I've been naughty (and busy). I skipped two project milestones: 

    2.  Working prototype for output.
    3. Working front-ends for both input and output (searching for products and scraping recommendations).

The idea was the each user could have multiple research profiles that they trained differently and compared. 
IN turn, each research profile could carry out multiple searches on Amazon to influence recommendations.

I was at milestone 3. I had a stable version of RARS running for the past month with thousands of recommendations stored in it for the benefit of those marking my MA final project.

The logic (partly) represented by this chart was working! ( see full size)

If it was possible, milestone 4 was going to be beta testing the application with hapless members of the public. After receiving my marks from my MA, I decided to tweak RARS a little. Everything promptly broke; the database couldn't talk to the web application which in turn couldn't talk to the web server. I rather rashly decided to completelty terminate the cloud server on which RARS was running, thus losing all the data I had gathered.

My Game of Cat-Duck and Mouse with Amazon

I had put a few lines in my snu-snu authentication source code to print the HTML of the web page at key junctures. This made it possible to determine whether the headless Chrome instance was reaching the right pages when attempting to access Amazon.

Logging the source-code also led to this chuckle-inducing discovery

I spun up a new cloud server on Amazon Web Services and had to start from scratch. When I attempted to use RARS to log into the old dummy amazon accounts I had used, I was met with this:

Take it from me: Combing through HTML source code is a fun Sunday Afternoon activity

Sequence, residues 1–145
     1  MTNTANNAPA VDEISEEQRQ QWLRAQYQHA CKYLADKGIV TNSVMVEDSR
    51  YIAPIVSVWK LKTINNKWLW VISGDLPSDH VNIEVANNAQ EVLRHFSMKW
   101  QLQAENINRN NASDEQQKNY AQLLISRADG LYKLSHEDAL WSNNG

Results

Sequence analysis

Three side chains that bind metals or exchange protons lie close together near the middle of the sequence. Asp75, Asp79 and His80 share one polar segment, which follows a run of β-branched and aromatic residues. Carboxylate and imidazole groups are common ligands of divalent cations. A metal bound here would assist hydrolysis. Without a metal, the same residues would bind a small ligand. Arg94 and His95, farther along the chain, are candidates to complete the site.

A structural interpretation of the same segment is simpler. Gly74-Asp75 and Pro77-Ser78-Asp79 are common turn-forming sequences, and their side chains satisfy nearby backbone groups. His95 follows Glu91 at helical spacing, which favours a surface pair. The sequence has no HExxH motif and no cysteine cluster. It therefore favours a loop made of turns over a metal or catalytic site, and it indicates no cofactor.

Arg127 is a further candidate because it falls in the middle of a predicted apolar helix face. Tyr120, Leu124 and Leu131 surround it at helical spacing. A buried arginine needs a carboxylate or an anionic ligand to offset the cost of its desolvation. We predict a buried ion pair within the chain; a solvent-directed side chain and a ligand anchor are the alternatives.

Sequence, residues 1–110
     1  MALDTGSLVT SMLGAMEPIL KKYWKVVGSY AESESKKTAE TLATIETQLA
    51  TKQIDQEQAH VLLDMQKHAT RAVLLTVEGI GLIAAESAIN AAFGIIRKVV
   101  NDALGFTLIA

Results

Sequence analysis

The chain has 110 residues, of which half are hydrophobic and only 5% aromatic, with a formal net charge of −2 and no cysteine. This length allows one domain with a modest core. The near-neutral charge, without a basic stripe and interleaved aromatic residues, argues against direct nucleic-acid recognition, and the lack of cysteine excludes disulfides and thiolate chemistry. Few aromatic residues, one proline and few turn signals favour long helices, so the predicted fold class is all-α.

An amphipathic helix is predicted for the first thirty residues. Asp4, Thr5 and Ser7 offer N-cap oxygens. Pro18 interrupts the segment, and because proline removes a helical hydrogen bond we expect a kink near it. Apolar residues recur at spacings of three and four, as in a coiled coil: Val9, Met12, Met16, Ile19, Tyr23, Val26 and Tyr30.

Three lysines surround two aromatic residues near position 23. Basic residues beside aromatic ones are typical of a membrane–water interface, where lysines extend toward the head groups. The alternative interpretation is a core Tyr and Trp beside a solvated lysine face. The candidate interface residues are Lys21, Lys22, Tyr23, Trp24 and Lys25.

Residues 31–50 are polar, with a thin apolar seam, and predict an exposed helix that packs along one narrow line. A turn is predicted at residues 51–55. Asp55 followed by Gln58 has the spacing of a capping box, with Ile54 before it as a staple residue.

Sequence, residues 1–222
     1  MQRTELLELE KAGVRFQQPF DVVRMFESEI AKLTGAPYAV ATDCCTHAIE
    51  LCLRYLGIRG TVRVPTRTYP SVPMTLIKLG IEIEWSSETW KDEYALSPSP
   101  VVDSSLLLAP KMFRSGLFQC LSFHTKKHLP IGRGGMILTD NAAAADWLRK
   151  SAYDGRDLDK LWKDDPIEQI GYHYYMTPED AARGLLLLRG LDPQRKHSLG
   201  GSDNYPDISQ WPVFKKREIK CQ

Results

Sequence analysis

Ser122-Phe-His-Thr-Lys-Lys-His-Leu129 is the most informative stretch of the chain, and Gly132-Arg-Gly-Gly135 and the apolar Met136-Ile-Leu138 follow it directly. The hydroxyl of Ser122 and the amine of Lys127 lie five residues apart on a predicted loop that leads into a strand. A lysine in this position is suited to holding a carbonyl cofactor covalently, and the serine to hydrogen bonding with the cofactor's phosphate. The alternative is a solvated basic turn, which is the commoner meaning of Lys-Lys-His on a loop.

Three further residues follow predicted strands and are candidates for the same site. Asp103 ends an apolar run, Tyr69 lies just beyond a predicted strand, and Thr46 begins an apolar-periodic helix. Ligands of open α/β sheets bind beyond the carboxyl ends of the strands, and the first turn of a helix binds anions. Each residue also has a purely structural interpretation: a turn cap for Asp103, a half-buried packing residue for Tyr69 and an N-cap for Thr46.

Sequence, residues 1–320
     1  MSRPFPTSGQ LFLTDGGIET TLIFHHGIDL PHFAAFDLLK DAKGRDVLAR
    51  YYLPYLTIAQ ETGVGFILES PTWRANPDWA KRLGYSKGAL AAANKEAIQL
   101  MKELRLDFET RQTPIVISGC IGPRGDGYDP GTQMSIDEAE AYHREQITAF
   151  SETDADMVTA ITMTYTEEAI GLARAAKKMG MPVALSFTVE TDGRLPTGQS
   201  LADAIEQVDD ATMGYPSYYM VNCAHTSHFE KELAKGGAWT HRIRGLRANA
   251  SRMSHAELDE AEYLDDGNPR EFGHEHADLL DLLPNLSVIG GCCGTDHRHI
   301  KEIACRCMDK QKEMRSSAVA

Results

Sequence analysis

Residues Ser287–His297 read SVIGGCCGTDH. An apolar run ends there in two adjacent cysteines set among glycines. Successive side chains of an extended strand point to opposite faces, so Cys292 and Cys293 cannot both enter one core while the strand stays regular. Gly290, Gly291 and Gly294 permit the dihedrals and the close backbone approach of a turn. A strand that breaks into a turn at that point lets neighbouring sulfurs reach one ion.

This page was new. I had already encountered two others:

  1. One telling me that if I wanted to carry out automated interaction with Amazon, I could ask them and/or use their API.
  2. One asking for a captcha after an attempted log-in.

These two were fairly easily to deal with. With the first, I would just assign a new elastic IP to the cloud server. (Yes, that's right: on top of free cloud computing for a year, Amazon give you random IP addresses that their e-commerce platform doesn't seem to recognise as belonging to them.) With the second, I would either abandon the account or log into it over TOR and fill in the captcha, restoring Amazon's trust in the account.

This third roadblock was insurmountable. I tried rotating IP addresses. I tried generating a new email address. No joy. It was possible that the fact that so many suspicious accounts were created using email addresses at my personal domain name had led to it being blacklisted. I considered trying to find a service that would let me create email accounts without a phone number over TOR. Yandex used to; a few others still might.... At this point, I felt that trying to find another email provider would be about as effective as a broom in keeping the tide at bay. The only other option would be to fetch the relevent emails for the given account over IMAP, extract the code and get Chrome to type it into the page. Even if I wanted to, my day job wouldn't allow me to do this within a reasonable timeframe.

I fell at milestone 3.141592653589793...

Where from Here?

I knew at the beginning of this project that even if it was viable to create a wrapper around fake amazon accounts for sociological research, it was never going to be scalable. Why did it do it? For one thing, I was doing an MA at Goldsmiths;  the normal logics didn't apply.  It was the right time to take risks and expriement.

There are a handful of things I can do with the few thousand lines of code that I wrote for this project, and the skills I learned along the way.

  • Adapt snu-snu into a browser plugin that spams Amazon with obfuscatory searches, rendering its recommendations meaningless.
  • Create a browser-automation based library that provides a high-level interface for interacting with Facebook in ways not supported by their API. This could be used to automate your own facebook behaviour or to make a bot. It would be interesting to teach neural nets optimal social networking behaviour.
  • Make more web applications that allow users to interact with the rest of the internet in complex novel ways.